I Am Transferring From Another School And I Want To Find Out What Courses I Took There Will Count For Which Courses In The Sociology Or Justice Studies Major?
Obtain a copy of your transcript showing how the courses were counted toward courses at R.I.C. Then talk to the department chair of Sociology or director of Justice Studies to see if the counting was accurate as far as the department is concerned. The department chair of Sociology or director of Justice Studies can use the course substitution form to see that a course is properly transferred. If you transferred from either U.R.I. or C.C.R.I., the R.I.C. Library and the department chair of Sociology or director of Justice Studies has a copy of the Transfer Guide which provide an easy way to find courses which correspond between the three state institutions.Back to top
If I Take Math 240 - Statistical Methods I To Meet My General Education Requirement In Math, Can I Also Count It Toward My Cognate Statistics Requirement In The Sociology Major?
Yes, Math 240 does meet both a General Education Requirement and the cognate requirement for the Sociology major. There is a special section of the course offered annually that is especially geared towards social science majors, but any section of Math 240 will satisfy the requirement. Both Sociology and Justice Studies majors may find the special section a good way to meet their General Education requirement.Back to top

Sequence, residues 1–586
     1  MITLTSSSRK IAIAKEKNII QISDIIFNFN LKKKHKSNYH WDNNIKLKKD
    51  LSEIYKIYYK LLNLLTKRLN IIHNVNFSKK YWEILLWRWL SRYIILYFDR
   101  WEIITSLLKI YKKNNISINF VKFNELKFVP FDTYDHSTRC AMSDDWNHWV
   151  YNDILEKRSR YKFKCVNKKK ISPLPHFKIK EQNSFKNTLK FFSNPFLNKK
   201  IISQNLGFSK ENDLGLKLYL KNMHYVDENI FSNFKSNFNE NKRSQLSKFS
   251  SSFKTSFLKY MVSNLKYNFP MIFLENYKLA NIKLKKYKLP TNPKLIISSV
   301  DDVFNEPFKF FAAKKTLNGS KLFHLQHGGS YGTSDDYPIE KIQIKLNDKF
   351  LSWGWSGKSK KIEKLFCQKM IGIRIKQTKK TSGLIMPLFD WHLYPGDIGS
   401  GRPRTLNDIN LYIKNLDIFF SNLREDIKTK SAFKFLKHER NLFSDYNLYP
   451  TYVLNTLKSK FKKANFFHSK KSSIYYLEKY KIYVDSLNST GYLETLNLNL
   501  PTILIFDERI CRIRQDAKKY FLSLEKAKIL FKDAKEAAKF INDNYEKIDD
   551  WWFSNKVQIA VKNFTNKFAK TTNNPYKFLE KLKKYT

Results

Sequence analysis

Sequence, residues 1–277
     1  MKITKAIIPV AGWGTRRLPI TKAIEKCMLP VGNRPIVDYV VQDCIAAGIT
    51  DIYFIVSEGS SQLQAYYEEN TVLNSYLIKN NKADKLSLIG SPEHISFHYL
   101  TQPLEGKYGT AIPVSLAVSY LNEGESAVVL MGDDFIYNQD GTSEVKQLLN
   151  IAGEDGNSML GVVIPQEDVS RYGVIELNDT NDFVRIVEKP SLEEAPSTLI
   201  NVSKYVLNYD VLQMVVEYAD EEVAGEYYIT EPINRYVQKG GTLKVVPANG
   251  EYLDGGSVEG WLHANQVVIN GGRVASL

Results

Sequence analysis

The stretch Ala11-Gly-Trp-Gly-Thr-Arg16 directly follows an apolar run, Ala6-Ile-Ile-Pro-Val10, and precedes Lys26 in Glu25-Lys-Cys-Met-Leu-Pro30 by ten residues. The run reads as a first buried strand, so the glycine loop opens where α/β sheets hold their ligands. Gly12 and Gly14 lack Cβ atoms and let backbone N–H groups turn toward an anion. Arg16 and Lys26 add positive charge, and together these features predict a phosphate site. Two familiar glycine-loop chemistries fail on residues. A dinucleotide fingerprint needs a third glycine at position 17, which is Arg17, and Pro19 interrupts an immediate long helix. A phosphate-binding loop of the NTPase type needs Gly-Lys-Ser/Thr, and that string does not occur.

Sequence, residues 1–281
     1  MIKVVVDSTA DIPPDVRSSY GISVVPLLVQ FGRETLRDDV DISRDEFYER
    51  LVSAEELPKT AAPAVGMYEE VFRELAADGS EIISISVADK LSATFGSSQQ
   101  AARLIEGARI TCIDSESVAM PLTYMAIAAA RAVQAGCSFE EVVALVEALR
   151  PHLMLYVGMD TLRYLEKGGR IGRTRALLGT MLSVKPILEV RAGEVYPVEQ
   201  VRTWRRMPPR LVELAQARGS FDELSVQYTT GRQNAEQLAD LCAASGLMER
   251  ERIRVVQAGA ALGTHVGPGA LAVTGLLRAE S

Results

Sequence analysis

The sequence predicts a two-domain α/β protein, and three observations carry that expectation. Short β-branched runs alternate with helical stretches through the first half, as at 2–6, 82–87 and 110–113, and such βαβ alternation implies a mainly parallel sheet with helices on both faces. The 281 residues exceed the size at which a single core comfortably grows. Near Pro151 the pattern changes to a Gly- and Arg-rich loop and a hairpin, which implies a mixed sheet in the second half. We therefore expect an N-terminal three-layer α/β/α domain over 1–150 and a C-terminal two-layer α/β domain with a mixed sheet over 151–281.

Are There Special Awards Given By The Department To Outstanding Students?
The Sociology Department selects an outstanding graduating Sociology major each year for the Whitman Award; the Justice Studies Program selects an outstanding graduating Justice Studies major each year for the Mary Ann Hawkes Award; the Gerontology Program selects each year an outstanding gerontology student, who has completed the program, for the Harold Sweet Award. Details on eligibility and deadlines for applications are available in the department lounge and will be circulated in courses throughout the year.Back to top
What can I do with a degree in sociology or justice studies?
Many students are curious about what to do with a sociology or justice studies degree. It may be interesting to know that these disciplines lend themselves to a wide variety of career choices where use of the sociological imagination, critical thinking and research skills, and solid writing skills allow students to excel in their chosen field. B.A. graduates in sociology nationwide pursue a wide range of occupations--see http://www.asanet.org/sites/default/files/savvy/research/BachelorsinSociology.pdf for a nationwide breakdown. Among the jobs and positions held by recent RIC sociology graduates are program manager for the City of Providence, teacher, market research project manager, advertising account executive, director of human resources, sociology PhD candidate, and law clerk. Among the jobs and positions held by recent justice studies graduates are litigation coordinator, police officer, research specialist, paralegal, JD candidate, residential counselor, case investigator, brokerage services representative, security officer, teacher, development coordinator, policy director, project coordinator, and case worker.